Reasons to join the AMA: Science, caring, ethics

A message to all physicians from AMA President John C. Nelson, MD, MPH.

By John C. Nelson, MD, MPHis an obstetrician-gynecologist from Salt Lake City, Utah, and was AMA president during 2004-05. Posted Aug. 16, 2004.

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In June, in my inaugural remarks as AMA president, I told a story about Dr. Albert Schweitzer, Nobel-prize winning missionary physician and founder of Lambaréné Hospital in Gabon.

There, in one of the poorest, least-served areas of the world, Dr. Schweitzer placed a single lamp on the pier leading to his hospital.

This beacon of hope guided all the sick and dying to his door.

Beneath the lamp was this sign: "At whatever hour you come, you will find light, and hope, and human kindness."

The AMA is like that simple lantern. In it and through it, physicians become better guides themselves. In it and through it, people find light, hope and human kindness.

That is why I am never the least bit shy about inviting physicians to join us.

The AMA is an activist organization fighting for America's physicians -- who in turn speak for America's patients. We are working for expanded health care coverage for all Americans, to eliminate disparities in clinical care due to race and ethnicity, for meaningful medical liability reform, for fair payments that accurately reflect care patients receive, for reduced red tape, for improved patient safety, for a host of public health initiatives.

The AMA is the voice of medicine.

Not a solo voice, by any stretch of the imagination.

But it is a voice in harmony with state and medical specialty associations, gaining a hearing and articulating what's best for America.

The issues are many and varied. The discussions and debates extend from Washington, D.C., to every state capital and out into the worldwide profession.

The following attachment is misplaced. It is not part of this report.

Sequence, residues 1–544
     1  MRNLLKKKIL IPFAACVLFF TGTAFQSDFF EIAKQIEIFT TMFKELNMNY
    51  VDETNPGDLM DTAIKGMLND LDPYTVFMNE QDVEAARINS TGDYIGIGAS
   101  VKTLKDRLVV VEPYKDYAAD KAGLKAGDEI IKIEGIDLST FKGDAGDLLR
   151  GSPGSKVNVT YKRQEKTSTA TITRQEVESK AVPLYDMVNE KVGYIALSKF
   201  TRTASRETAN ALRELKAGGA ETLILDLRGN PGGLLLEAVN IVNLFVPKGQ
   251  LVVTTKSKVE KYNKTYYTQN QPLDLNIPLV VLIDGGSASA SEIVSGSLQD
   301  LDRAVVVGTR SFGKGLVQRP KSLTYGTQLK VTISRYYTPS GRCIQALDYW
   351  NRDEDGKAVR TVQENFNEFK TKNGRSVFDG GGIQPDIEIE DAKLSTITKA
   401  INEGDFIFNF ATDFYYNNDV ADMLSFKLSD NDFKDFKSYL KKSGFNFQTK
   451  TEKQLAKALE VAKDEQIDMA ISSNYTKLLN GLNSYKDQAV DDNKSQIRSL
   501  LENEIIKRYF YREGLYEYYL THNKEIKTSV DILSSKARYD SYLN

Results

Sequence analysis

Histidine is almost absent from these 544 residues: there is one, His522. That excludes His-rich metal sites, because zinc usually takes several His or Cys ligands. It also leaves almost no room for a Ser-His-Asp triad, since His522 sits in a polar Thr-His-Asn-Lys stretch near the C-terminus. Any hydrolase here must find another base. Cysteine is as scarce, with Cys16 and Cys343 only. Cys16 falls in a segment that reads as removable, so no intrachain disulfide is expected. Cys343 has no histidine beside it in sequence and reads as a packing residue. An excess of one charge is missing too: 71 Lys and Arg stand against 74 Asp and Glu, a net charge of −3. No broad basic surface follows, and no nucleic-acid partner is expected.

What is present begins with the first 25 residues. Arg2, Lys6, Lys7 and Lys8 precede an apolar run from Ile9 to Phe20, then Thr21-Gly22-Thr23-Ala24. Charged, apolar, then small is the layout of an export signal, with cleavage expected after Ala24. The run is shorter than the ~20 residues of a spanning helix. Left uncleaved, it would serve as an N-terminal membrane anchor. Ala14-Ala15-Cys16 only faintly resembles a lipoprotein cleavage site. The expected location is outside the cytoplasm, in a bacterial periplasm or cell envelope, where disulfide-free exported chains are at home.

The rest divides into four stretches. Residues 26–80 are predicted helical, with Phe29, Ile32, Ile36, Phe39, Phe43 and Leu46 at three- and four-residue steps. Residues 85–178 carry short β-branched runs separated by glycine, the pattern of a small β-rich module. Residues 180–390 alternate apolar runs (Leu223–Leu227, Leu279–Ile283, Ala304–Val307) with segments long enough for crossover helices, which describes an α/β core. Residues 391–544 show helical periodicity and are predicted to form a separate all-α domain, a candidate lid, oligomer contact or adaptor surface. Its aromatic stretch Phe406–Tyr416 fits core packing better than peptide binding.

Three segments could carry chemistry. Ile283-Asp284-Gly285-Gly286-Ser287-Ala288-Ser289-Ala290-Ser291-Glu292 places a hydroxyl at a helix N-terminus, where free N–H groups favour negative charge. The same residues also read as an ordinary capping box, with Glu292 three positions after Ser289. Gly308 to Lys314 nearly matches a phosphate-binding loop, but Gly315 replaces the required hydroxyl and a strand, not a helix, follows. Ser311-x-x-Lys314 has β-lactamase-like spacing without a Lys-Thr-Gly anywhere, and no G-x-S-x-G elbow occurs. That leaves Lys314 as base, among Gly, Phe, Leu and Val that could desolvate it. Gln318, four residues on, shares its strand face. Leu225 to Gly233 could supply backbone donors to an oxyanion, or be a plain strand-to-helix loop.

The AMA is there, and I am very proud of its record, its commitment and its future.

My father was an obstetrician, one of the first board-certified ob-gyns in Utah.

Dad was an exemplary physician and a community leader. He was of the physician-leader type common to many men and women in the Association today.

In talking with his modern-day counterparts, I have found a shared set of beliefs and attitudes that go a long way in answering the question, "Why am I an AMA member?"

We espouse a science vital to humanity.

We exhibit a special level of care for our patients and our profession.

We hold to a rigorous set of ethics.

Science, caring, ethics: Three overlapping circles of interest and ideas, three interlocking characteristics which, in balance, result in an appropriate and effective patient-physician relationship.

Science, caring, ethics: The absolute prerequisites for quality health care.

Science, caring, ethics: The cornerstone of American medicine.

These shared beliefs frame a system in which we live and work. The AMA, in turn, strengthens my ability to be a better physician. It strengthens the bonds that tie the profession together.

We work to save the dying, to heal the hurting.

We work to rebuild a health care system that now seems unfair and ineffective in so many areas.

We work so that all around us benefit from the light we bear within us.

This is what our patients deserve. This is what our profession demands. This is what the AMA helps us each to do.

There are many reasons for joining the AMA. I urge anyone who hasn't considered each of them to give them consideration.

For me, however, the key reason has to do with the simple principles of light; Dr. Schweitzer's light.

One lamp emits a set number of photons.

Many lamps emit a brighter light.

The more lamps we join together, the brighter the beams of hope and healing for a frightened and hurting world.

Each of us is effective. All of us can be an incalculable force for change.

That sums up why I'm so proud of my AMA membership.

I urge you, if you haven't already joined, to visit the AMA online (link) and browse through the AMA benefits listed there.

Learn for yourself how membership pays for itself, what resources are there to be tapped, what advocacy programs are at work for you right now and a host of other features and benefits that joining the AMA offers.

Then, if you have any comments or questions, send me an [email protected]" target="_blank">link.

John C. Nelson, MD, MPH is an obstetrician-gynecologist from Salt Lake City, Utah, and was AMA president during 2004-05.

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